Goodnight Moon has become The Baby’s very favorite book. In fact, it was the first book he took any interest in beyond chewing. One day when he was about 4 or 5 months old, he was looking at it on the floor and we had to leave, and he cried as I put him in his car seat until I handed him back his book, and he babbled the whole way to the grocery store, reading to himself (I like to think.)
We ended up being given three copies as gifts before his arrival, and I’m glad we didn’t give any away because I can see we’re going to need them.
Somehow this most classic book wasn’t a part of my own childhood, and honestly the garish colors and lack of punctuation made me wonder what all the fuss was about. (not to mention the third painting on the wall — not the cow jumping over the moon, nor the three little bears sitting on chairs, but the rabbit fly fishing in a river for another rabbit… wth?)
But seeing The Baby’s delight all there is to look at, and hearing the words lilting like a prayer (“Please, God, let my baby go to sleep?”) have cemented this story in my brain for the rest of eternity.
We don’t read it every night. In fact, this is the book that marks that it’s time to go to sleep. But Goodnight Moon will always hold a place in my memories of The Baby’s early days.
Speaking of books, we are nearly, nearly there with fully babyproofing The Baby’s bedroom. (Though I think I’ll keep saying “nearly done babyproofing” until he’s got his learner’s permit… He seems to have a real knack for beating me to the punch in this particular battle.)
I will take pictures of the rest once I’ve tied up a few loose ends, but here is a sneak peak of a new reading corner. We ditched the regular old bookshelf for these book ledges I built, and The Baby loves being able to see (and pull down) all his books. (Yes, we also have two copies of Chicka Chicka Boom Boom. One board book and one paperback for when The Baby decides to quit chomping on his books.)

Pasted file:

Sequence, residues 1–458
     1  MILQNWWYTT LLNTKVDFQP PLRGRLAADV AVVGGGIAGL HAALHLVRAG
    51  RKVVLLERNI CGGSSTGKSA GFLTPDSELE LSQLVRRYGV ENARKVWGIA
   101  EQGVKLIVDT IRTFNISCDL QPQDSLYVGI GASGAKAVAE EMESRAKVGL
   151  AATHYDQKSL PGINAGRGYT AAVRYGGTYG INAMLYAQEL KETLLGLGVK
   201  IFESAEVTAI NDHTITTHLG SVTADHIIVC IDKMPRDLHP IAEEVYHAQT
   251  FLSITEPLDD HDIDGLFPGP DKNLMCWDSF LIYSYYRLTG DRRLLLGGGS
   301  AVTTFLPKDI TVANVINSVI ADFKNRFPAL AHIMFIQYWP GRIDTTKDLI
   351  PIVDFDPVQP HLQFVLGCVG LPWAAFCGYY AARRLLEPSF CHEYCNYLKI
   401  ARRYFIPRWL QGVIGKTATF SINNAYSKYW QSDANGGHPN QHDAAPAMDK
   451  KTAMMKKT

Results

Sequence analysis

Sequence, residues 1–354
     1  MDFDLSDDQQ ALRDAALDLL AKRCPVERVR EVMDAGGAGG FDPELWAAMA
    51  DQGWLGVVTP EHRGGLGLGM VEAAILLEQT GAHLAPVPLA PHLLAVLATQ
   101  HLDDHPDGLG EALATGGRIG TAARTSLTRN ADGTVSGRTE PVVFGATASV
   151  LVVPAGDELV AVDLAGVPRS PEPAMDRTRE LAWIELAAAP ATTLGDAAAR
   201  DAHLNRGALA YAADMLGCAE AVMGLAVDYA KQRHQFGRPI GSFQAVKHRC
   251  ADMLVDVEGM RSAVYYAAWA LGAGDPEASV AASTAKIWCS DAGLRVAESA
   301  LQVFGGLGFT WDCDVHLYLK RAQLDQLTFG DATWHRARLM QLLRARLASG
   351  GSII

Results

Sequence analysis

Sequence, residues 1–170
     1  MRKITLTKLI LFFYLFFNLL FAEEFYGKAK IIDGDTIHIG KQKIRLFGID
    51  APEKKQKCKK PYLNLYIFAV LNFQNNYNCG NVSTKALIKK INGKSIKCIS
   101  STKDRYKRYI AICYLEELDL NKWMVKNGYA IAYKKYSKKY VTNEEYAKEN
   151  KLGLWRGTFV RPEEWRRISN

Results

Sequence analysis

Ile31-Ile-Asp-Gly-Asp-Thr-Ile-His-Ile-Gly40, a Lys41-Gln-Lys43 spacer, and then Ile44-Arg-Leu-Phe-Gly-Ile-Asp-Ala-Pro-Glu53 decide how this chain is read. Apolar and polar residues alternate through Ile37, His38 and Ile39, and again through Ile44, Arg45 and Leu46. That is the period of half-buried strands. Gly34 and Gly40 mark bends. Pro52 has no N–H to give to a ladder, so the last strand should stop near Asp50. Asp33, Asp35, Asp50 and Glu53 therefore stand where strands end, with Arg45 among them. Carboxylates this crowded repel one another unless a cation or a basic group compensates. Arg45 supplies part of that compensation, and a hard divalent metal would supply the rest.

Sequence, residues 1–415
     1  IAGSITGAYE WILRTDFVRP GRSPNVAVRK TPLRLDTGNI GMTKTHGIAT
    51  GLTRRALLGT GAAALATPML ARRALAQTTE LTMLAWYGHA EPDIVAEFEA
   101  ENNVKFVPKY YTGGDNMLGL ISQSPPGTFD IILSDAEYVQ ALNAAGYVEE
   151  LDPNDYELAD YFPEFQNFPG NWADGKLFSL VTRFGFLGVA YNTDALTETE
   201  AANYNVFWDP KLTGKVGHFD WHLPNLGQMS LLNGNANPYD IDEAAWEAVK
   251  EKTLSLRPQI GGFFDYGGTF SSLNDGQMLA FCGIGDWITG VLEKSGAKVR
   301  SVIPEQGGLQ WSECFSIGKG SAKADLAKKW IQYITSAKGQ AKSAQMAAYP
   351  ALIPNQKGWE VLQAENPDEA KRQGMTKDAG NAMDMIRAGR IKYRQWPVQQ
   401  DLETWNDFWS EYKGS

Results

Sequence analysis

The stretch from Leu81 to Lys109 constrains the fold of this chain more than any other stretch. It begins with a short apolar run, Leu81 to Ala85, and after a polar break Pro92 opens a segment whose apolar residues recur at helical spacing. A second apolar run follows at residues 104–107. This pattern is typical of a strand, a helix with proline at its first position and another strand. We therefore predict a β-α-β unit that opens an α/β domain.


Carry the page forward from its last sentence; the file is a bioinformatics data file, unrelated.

I was having a little writer’s block after a work-heavy week or two that kept me from blogging, so I decided to participate in the Daily Prompt: Moon. Further proof that parents can take any word and turn it into a way to talk about their kids! 🙂
Tune in tomorrow for some real, actual, interesting content… so excited to share some wisdom from a mom friend!
I’ve been meaning to share this craft since last weekend, but life got in the way again. It was The Husband’s birthday last weekend, and The Baby and I decided to make him a birthday card. I love how it turned out, and it was easy and fun to make, so I thought I’d share it with the wider momosphere in time for Father’s Day.
The Baby has been a kicking machine since he can-canned his way out into this world. He’s one of those babies who prefers to stand assisted on your lap than to sit. As I’ve mentioned before, his nickname is Kickpuncher because of all his flailing.
This craft actually first emerged on Mother’s Day, when I woke up early in the morning and tried it out on a pair of canvas totes for both of The Baby’s grandmothers. My tactics got a little more refined for this birthday card, but the essential formula is:
A large container to use as a palette – even big paper plates work
Dish tub or other baby-sized bucket
Old towels and old wash cloth
Blank card and envelope
A helper or a place to put baby where he can’t reach his feet
Take some time to prep. This is best done outdoors or on a floor you can wash up quickly (obviously, avoid carpeting.) Put on some old clothes, strip The Baby down to his diaper and let him play nearby while you set up.